When it comes to eye care, ‘faux’ surgery is a new way of life

A growing number of people are questioning the “fake” surgery of their eye doctor.

They want to know if it’s safe, and whether it’s worth the money.

The issue has been discussed in the US since the late 1990s, when a spate of eye problems including corneal ulcers and other conditions caused by excessive cornealing caused an outpouring of concern.

Some doctors even refused to refer patients to specialist ophthalmologists, citing ethical concerns.

But since then, more and more patients have sought medical help for eye conditions they didn’t have, such as a stinging eye or conjunctivitis.

And they’ve also asked, what happens if they don’t have a referral? 

The practice of “faux” eye surgery has been on the rise in the past few years, according to a new report published in the British Medical Journal. 

The problem started when a group of eye doctors started to prescribe eye care that looked very similar to what was done in their office.

They also prescribed expensive cosmetic surgery procedures that were sometimes very similar in appearance to what the doctors themselves did, often to a small extent.

This, in turn, led to a backlash from patients.

They complained that their eye doctors were acting like surgeons, rather than doctors, who treated them with care and expertise.

The practice was called “pseudo-surgical” and was becoming a major concern.

Dr Jelena Gralicic, from the Royal Eye Hospital in London, is one of the authors of the study.

She says the main problem is that “faking” surgery has become an industry. 

“Faking” refers to using a surgeon’s equipment, such a a mask or glasses, that has not been properly sterilised.

“They do this to make sure that they can do the procedure as accurately as possible,” she says.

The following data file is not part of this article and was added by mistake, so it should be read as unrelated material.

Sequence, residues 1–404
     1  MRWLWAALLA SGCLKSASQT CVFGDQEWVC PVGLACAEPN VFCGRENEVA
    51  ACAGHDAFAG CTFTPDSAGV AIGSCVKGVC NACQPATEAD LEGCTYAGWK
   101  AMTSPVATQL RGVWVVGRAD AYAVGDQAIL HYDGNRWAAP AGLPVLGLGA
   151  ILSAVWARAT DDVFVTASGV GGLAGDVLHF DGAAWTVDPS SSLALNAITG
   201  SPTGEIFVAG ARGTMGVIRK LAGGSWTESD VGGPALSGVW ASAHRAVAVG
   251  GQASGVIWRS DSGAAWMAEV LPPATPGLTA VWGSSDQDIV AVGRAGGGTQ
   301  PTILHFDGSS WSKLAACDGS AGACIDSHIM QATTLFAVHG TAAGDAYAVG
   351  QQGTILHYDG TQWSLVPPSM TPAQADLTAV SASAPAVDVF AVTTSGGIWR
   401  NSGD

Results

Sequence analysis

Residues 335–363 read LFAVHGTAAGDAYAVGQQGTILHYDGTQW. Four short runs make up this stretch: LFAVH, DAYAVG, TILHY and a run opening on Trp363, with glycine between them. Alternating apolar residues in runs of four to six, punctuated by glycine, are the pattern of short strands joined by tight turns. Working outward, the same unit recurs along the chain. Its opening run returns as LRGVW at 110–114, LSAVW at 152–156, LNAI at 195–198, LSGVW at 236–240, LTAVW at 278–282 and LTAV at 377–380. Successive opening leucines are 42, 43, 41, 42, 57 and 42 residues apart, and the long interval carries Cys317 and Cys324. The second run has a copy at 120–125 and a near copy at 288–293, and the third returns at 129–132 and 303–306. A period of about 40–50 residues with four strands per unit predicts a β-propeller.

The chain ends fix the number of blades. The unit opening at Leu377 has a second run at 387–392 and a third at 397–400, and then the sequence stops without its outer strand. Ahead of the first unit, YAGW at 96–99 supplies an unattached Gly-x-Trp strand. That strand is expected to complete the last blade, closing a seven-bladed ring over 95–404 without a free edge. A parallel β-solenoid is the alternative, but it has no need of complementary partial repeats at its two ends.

“If you have a problem with a laser, you will need to put a special mask on.” 

“Fake” surgery isn’t just a concern for the public eye.

It affects other parts of the body as well, including the skin and joints.

According to a study from the American Academy of Ophthalmology, the prevalence of fake surgeries has risen from just over one in 10,000 in the 1990s to over one-third in 2016.

This could explain why, according the British Journal of Osteopathy, “there has been an increase in the use of ophthalmic implants and laser therapy to treat eye diseases, including stinging eyes, corneas, and eyelid problems”. 

But Dr Gralics says this is just the tip of the iceberg.

“People have been asking questions like, why is it so hard to get a referral when we know that you can get one by doing a full exam and asking your eye doctor, and that you don’t need to pay for the procedure?”

The bottom line is that we don’t know what the real cost is.” 

The American Academy for Ophthalmic Surgery says that in most cases, there is no “gold standard” test that can be used to diagnose fake surgery, although it recommends that patients be screened for any eye conditions that might be causing the problem, including those that can’t be treated.

She says she is not sure if the “fad” of “fake surgery” will last. “

The real issue is that the way that we’ve seen this change, which we think is driven by people looking for the ‘look’, we are not there yet,” she said.

She says she is not sure if the “fad” of “fake surgery” will last.

“What we do know is that it is growing, that it’s a huge problem, and we need to be very careful and thoughtful about how we are responding to it.”